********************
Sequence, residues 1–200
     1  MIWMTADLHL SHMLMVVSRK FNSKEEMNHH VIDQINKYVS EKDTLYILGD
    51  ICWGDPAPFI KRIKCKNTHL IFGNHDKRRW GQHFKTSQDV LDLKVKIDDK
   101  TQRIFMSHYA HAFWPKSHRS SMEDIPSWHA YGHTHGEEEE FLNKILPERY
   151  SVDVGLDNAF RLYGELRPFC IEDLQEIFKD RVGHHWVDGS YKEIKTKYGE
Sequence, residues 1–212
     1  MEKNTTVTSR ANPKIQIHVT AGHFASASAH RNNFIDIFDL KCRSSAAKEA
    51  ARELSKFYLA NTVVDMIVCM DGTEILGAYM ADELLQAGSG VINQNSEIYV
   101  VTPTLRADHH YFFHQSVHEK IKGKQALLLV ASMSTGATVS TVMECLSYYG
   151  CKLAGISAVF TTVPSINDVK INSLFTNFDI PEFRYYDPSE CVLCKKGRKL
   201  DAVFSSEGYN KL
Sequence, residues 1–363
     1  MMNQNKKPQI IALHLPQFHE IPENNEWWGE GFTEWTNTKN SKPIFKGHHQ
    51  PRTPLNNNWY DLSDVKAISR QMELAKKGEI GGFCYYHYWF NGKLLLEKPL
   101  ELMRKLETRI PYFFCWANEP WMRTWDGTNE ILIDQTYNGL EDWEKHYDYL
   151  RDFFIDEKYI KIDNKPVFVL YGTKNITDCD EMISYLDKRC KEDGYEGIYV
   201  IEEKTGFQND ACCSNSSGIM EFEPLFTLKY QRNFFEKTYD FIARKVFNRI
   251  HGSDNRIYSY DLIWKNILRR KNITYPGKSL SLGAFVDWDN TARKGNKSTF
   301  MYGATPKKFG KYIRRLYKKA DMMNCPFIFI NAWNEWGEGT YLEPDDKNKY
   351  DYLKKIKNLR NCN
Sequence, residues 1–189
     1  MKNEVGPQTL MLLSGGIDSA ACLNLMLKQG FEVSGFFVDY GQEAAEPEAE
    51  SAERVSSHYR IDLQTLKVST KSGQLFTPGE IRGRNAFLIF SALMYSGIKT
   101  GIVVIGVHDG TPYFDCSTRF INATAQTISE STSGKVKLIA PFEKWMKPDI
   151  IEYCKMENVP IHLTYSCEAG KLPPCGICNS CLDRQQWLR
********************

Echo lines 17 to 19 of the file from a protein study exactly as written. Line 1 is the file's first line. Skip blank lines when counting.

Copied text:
   201  IEEKTGFQND ACCSNSSGIM EFEPLFTLKY QRNFFEKTYD FIARKVFNRI
   251  HGSDNRIYSY DLIWKNILRR KNITYPGKSL SLGAFVDWDN TARKGNKSTF
   301  MYGATPKKFG KYIRRLYKKA DMMNCPFIFI NAWNEWGEGT YLEPDDKNKY